About the Department
The undergraduate programs and courses in English Language and Literature at The University of Tulsa are at the heart of the university's humanities-based Tulsa Curriculum. English courses included in the block requirements of the General Curriculum range from classical and modern literature to special topics such as the cultural significance of gender, or the Vietnam War. First Seminars in English recently have included courses on black women novelists, Romeo and Juliet in literature and the other arts, and the cultural politics of South Africa and of Ireland. The Comprehensive Writing Program is staffed by English faculty and graduate students. The English department also participates in interdisciplinary programs, such as the Women's Studies Program and the Creative Writing Program.
In addition to the Bachelor of Arts degree, the Faculty of English offers an M.A. and Ph.D. degrees, and the resources of the graduate program directly benefit the undergraduate English major. Two distinguished academic journals, The James Joyce Quarterly and Tulsa Studies in Women's Literature, are edited and published under the auspices of the department, and the innovative web-based Modernist Journals Project, a collaboration between Brown University and The University of Tulsa, is directed from the department. Undergraduate internships are available at the MJP and both journals, and at the international literary journal Nimrod, which is housed with the department.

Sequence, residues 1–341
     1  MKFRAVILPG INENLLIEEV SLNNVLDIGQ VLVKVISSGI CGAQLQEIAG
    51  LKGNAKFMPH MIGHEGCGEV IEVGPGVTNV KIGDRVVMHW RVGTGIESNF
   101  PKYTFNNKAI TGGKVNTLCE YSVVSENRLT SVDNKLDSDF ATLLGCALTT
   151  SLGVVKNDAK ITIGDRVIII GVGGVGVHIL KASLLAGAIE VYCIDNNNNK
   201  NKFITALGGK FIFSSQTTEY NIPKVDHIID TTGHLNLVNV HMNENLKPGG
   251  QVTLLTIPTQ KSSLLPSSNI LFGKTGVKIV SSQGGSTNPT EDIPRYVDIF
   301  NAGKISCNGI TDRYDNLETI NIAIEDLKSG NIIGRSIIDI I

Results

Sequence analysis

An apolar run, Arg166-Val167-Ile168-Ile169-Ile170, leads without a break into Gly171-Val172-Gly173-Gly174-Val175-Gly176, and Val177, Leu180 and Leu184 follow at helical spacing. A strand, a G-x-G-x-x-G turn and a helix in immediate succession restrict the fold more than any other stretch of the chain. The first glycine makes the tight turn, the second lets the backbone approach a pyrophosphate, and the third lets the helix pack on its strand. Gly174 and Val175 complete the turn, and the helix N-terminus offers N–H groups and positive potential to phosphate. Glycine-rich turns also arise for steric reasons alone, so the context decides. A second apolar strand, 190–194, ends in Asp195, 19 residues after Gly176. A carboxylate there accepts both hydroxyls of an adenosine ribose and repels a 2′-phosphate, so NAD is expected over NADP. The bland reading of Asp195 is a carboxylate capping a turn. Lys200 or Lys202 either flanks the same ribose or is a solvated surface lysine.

The strong general collection of literary holdings in McFarlin Library and extensive Special Collections in English, Irish, and American literature enrich undergraduate studies in English.
The inherent value of English as a pre-professional major strongly reasserted itself in the 1980s. In addition to placement in distinguished postgraduate English programs and traditional positions in teaching or editing and publishing, recent Tulsa English graduates are pursuing advanced studies in law, medicine, and business. They also are engaged in a variety of careers in public service as well as private industry and enterprise where understanding gained through the study of literature and the ability to communicate effectively in writing and speech are valued as important professional assets.